Discard outlets are also useful – when you’re light on mana, or want a different effect, discard a creature and then reanimate it with Drana instead! Tortured Existence is an awesome card that lets us exchange a creature we’d rather reanimate for one we’re excited to cast, and it’s one of my favorites as a result.
We already have some card draw and other bits of card advantage, but these two are great options for this mono-Black deck.
Some run of the mill mana rocks. Unstable Obelisk makes the cut primarily as a way to handle troublesome artifacts and enchantments that might shut down our graveyard.
The number of sacrifice outlets in the rest of the deck was a little low, so I threw in some extras in the manabase – in a mono-Black deck, I think it’s easy to absorb the cost of the colorless lands.
Cycling lands smooth out draws. I know no one has ever said that before, and I know we also have two of the new double-faced cards that have land on the other side, but that doesn’t mean we’ve seen the last of cycling lands.
I try to make room in most decks from some nonbasic hate and graveyard hate, and Bojuka Bog makes that so much easier. Ghost Quarter and Tectonic Edge are my budget-friendly nonbasic hate cards that also don’t make other people angry when they see them – Strip Mine tends to lower my in-game reputation score when I play it, while Wasteland just makes people confused.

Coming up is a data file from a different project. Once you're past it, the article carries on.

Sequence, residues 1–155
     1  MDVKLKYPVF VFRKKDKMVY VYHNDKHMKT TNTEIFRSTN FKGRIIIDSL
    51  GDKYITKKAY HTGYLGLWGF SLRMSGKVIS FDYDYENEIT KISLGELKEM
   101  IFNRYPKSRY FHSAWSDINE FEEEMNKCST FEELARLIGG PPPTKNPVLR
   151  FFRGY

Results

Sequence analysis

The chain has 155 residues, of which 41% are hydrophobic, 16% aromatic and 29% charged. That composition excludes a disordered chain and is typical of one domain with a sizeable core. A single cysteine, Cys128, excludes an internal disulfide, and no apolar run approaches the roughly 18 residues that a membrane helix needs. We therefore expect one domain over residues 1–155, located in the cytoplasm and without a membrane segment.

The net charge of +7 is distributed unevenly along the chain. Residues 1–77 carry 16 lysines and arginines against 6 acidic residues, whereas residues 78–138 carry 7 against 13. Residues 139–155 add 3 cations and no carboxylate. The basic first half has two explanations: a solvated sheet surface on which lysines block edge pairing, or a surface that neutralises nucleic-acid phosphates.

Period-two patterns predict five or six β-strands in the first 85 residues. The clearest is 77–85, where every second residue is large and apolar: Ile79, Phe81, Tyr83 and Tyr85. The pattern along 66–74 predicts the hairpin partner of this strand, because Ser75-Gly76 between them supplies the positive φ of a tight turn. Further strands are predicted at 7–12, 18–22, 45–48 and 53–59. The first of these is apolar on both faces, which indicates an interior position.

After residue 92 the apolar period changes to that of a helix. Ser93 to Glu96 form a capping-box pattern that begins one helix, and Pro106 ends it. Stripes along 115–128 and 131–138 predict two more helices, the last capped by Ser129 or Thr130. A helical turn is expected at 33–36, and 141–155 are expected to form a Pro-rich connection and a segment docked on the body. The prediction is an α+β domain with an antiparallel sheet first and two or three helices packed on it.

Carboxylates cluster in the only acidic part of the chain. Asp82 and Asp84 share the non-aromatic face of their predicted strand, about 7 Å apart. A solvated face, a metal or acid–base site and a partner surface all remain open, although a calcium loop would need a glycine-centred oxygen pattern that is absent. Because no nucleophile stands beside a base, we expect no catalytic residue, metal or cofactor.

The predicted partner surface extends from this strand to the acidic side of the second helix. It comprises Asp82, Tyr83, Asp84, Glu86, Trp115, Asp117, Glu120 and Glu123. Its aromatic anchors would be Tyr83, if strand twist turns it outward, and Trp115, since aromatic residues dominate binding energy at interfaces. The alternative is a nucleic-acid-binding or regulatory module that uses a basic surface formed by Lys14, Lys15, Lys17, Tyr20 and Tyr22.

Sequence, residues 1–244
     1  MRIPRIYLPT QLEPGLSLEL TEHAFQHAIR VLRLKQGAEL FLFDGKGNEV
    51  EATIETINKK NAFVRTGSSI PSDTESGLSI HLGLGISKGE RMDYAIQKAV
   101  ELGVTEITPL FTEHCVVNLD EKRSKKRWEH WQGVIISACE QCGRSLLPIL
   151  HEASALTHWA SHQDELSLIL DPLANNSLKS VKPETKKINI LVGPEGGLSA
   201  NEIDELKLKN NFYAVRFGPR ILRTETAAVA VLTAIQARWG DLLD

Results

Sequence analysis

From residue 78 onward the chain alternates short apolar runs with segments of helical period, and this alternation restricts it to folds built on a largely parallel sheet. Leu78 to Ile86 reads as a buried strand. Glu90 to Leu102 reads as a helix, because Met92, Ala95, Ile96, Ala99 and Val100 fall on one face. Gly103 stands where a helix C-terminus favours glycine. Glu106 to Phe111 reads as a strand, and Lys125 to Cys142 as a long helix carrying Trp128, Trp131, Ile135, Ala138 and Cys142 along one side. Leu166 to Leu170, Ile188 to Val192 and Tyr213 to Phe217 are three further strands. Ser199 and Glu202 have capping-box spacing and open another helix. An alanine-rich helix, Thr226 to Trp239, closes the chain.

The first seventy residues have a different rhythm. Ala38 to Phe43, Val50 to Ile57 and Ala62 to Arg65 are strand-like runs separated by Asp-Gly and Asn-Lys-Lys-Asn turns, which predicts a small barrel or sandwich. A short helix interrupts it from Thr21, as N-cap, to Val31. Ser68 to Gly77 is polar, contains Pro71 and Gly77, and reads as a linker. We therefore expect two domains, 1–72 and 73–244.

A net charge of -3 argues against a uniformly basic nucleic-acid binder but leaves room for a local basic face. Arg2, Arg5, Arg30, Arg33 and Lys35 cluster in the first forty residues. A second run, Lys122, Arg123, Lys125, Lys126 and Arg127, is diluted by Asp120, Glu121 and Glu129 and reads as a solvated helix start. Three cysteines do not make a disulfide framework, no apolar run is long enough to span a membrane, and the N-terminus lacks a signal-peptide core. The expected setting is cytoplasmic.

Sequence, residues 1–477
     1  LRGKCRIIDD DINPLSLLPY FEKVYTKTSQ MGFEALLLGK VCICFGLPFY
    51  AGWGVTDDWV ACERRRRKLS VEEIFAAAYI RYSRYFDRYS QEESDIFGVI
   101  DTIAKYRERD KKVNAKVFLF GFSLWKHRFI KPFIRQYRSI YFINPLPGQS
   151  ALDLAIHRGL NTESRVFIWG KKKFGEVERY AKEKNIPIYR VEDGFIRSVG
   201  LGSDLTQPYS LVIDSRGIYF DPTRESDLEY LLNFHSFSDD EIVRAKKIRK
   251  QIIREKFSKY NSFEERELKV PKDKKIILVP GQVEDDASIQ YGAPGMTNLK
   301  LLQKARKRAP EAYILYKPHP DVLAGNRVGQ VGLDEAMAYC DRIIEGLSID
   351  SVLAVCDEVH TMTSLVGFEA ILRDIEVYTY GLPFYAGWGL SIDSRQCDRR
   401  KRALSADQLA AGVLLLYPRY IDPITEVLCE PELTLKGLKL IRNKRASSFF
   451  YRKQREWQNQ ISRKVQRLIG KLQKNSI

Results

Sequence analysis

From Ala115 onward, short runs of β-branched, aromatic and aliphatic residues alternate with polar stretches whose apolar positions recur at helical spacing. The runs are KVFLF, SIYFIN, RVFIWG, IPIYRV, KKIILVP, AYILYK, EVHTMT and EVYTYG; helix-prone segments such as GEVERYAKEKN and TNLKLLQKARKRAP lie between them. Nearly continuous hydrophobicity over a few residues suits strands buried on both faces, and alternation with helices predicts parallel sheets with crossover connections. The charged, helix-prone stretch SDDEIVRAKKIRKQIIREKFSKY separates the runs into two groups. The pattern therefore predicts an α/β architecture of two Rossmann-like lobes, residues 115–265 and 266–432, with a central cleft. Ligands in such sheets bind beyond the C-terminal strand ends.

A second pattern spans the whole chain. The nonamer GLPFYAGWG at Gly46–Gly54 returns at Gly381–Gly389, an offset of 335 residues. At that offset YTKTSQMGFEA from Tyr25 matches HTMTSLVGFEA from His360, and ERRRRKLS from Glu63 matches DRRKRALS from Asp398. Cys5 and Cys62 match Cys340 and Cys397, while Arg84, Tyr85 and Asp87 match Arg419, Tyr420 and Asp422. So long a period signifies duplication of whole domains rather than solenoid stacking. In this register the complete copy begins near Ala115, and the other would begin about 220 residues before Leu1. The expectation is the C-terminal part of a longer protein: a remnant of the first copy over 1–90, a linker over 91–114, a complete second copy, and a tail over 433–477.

Some more utility lands, but this time, they have positive effects. Volrath’s Stronghold was what inspired me to slot in Footbottom Feast and Forever Young, so I guess you can blame Volrath for my bad ideas.
Throw in 23 Swamps and you’ve got a Drana list worthy of trying out as we explore the new world of Commander with Zendikar Rising! It’s exciting to start building these decks already, and I’m having trouble with the whole patience concept. Send your Commander lists with new cards at the helm or in the 99 to @RagingLevine so I can get hyped about even more fun ideas. See you next time! Oh, and here’s the decklist in full so you can just click all the cards you need and order them now. Makes it easier, doesn’t it?